Jodrell Bank Observatory: Pulsar Research
PULSAR

The Sounds of Pulsars


What is a pulsar?

A pulsar is a highly magnetised neutron star, with a radius of 10-15 km, having somewhat greater mass than the Sun which has a radius of approximately 1 million km. Radiation is beamed out along the magnetic poles and pulses of radiation are received as the beam crosses the Earth, in the same manner as the beam from a lighthouse causes flashes. Being enormous cosmic flywheels with a tick attached, they make some of the best clocks known to mankind.

These sounds directly correspond to the radio-waves emitted by the brightest pulsars in the sky as received by some of the largest radio telescopes in the world. To listen to the pulses of a radio pulsar, click on its arrow icon.


PSR B0329+54


This pulsar is a typical, normal pulsar, rotating with a period of 0.714519 seconds, i.e. close to 1.40 rotations/sec.

PSR B0833-45, The Vela Pulsar


This pulsar lies near the centre of the Vela supernova remnant, which is the debris of the explosion of a massive star about 10,000 years ago. The pulsar is the collapsed core of this star, rotating with a period of 89 milliseconds or about 11 times a second.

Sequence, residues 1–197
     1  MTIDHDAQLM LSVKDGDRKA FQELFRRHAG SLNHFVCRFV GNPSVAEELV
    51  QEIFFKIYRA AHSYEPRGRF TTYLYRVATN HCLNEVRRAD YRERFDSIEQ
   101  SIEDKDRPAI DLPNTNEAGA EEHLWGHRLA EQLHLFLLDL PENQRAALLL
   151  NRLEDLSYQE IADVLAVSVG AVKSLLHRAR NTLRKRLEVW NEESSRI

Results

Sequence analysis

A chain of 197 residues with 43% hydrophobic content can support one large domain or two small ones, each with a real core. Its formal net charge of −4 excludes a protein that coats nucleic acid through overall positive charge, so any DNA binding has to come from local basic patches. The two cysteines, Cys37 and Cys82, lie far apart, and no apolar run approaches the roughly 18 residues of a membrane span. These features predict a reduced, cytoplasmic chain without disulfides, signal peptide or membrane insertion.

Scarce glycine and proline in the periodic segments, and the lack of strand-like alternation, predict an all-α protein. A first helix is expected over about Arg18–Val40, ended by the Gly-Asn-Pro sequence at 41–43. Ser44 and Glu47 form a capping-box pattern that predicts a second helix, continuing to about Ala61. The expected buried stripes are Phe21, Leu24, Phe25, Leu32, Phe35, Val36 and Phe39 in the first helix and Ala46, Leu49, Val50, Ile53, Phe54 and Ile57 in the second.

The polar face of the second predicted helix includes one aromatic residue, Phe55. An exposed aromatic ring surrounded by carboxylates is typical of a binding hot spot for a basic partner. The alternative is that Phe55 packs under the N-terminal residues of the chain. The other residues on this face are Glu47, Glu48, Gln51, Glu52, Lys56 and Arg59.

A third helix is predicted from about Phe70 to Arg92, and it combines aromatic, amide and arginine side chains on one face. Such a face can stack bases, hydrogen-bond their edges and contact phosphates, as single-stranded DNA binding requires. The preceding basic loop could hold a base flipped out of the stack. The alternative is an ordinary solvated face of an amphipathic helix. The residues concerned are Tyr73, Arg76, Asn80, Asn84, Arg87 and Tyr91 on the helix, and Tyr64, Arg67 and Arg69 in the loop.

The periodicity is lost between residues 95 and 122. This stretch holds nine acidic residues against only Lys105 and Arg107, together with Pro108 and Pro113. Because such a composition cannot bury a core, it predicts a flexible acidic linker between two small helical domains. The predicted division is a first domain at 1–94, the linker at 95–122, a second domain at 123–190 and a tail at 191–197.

PSR B0531+21, The Crab Pulsar


This is the youngest known pulsar and lies at the centre of the Crab Nebula, the supernova remnant of its birth explosion, which was witnessed by Europeans and Chinese in the year 1054 A.D. as a day-time light in the sky. The pulsar rotates about 30 times a second.

PSR J0437-4715


This is a recently discovered millisecond pulsar, an old pulsar which has been spun up by the accretion of material from a binary companion star as it expands in its red giant phase. The accretion process results in orbital angular momentum of the companion star being converted to rotational angular momentum of the neutron star, which is now rotating about 174 times a second.

PSR B1937+21


This is the second fastest known pulsar, rotating with a period of 0.00155780644887275 seconds, or about 642 times a second. The surface of this star is moving at about 1/7 of the velocity of light and illustrates the enormous gravitational forces which prevent it flying apart due to the immense centrifugal forces. The fastest-rotating pulsar is PSR J1748-2446ad, which rotates about 10% faster at 716 times a second.

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Last modified: June 7 2001